More so, Coca Cola does the same with its world-renowned recipe, which it has kept secretly in a vault which is trade secret. If the secret recipe would have been disclosed, then anyone could’ve made it by their own but the nightmare didn’t turn to be real and people there don’t simply burst out of what they have or what they know and that too for a better cause.
But the question is not how a company is protecting its data, the question is that in these situations of social distancing and lockdowns it has made difficult for us to physically meet someone and that is where all that threat/ insecurities comes to our minds. Keeping the secrecy of these trade secrets in this virtual era has posed number innovative challenges in the recent times.
There are two hard questions here: First, to what extent, are these software’s responsible for the miss happenings with the confidential trade secrets? And how do we protect these secrets now?
Having the knowledge of what you have and how can you make use of it, is an essential part. You need to know that what all things need a protection under the ambit of intellectual property rights. Along with the identification of this you need to also confirm that your creation is unique and something which is not common and something which cannot be discovered with a logical reasoning. A creation is a work which is far from plagiarism.
Monitoring of the servers which contain the information is the most important part of keeping the data safe and secure. Keeping it safe requires both, efforts as well as money. Getting the latest software’s and updating to the latest firmware’s makes it difficult for the hackers to enter into the system. Limiting the accessibility to the data and not allowing many people access it is one way of maintaining its safety because these days, lot of us are working form homes and this is where the threat to the data arises. For instance, some people must be using an unstable Wi-Fi network which will straight away allow anyone to filter in through it and steal the data.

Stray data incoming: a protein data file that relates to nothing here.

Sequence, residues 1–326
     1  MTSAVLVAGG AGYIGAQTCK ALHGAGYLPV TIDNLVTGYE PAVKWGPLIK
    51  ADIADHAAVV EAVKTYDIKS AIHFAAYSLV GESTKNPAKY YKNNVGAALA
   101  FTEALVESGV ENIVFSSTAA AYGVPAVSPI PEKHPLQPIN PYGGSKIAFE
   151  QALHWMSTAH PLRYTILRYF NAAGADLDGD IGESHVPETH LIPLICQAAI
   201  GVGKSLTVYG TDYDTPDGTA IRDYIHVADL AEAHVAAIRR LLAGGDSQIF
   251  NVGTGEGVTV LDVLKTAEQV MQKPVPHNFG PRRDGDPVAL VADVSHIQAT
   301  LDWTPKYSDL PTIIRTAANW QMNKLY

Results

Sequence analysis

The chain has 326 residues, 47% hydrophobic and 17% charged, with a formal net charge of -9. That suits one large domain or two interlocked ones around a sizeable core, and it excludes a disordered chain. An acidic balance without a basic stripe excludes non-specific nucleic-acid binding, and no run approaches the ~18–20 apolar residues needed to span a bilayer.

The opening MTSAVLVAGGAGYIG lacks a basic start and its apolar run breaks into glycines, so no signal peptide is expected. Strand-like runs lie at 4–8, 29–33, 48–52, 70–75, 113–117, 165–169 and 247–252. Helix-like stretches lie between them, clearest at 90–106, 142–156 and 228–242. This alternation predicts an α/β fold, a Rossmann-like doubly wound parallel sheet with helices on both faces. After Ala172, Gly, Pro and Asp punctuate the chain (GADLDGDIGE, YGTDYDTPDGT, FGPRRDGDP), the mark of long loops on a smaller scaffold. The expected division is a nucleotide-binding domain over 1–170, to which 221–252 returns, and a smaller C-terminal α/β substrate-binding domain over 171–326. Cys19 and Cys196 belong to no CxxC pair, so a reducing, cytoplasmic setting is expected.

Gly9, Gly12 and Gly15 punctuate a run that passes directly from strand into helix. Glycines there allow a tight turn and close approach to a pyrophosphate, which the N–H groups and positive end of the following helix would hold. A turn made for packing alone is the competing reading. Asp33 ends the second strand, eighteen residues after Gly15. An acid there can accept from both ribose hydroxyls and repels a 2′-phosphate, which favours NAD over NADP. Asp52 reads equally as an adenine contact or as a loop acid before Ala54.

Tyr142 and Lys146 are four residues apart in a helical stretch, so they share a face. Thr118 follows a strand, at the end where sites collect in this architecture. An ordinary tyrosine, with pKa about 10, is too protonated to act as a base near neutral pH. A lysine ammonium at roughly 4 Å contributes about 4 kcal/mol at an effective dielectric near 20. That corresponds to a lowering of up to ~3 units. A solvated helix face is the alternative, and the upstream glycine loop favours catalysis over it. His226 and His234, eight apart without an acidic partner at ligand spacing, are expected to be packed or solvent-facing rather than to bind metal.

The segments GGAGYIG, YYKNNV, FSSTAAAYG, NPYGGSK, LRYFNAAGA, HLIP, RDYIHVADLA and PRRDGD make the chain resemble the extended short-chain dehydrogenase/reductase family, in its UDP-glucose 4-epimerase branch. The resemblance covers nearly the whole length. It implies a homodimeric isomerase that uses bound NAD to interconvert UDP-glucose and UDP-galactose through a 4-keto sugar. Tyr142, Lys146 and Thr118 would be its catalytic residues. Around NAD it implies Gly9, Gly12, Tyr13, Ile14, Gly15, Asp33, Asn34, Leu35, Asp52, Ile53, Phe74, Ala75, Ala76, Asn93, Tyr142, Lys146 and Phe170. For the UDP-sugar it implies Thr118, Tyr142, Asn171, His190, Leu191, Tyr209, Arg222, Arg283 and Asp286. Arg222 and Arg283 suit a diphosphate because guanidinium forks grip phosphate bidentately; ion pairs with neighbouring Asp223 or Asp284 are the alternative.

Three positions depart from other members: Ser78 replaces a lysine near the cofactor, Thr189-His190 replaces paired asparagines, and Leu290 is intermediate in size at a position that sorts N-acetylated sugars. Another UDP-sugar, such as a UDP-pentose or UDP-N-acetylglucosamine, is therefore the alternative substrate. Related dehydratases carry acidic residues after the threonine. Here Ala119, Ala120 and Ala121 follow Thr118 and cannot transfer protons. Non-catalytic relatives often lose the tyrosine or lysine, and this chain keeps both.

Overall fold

For instance, Apple is one those companies who make their employees who have recently joined to work on fake projects. By making them work on such projects they check that how efficient they are and how they work in a pressure situation, but here’s the thing, alongside all this, the main thing they observe is the credibility of that employee and the loyalty of a person towards his work and towards the place he is working in. This is how Apple is able to protect its information which is confidential and hence, is able to maintain a competitive environment in the market.
Trade secrets are just the secret about which, the general mass is unaware. These secrets are never registered on board or accessible to the people. In this way the creators make sure that their secret is not a ticking bomb. The protection of such secrets is solely in the hands of the party who has it, unlike in the case of patents and copyrights. These trade secrets also carry a commercial value, which can even act as collateral when required.
Author: Triman Goel, 3rd year, LLB, Lloyd Law College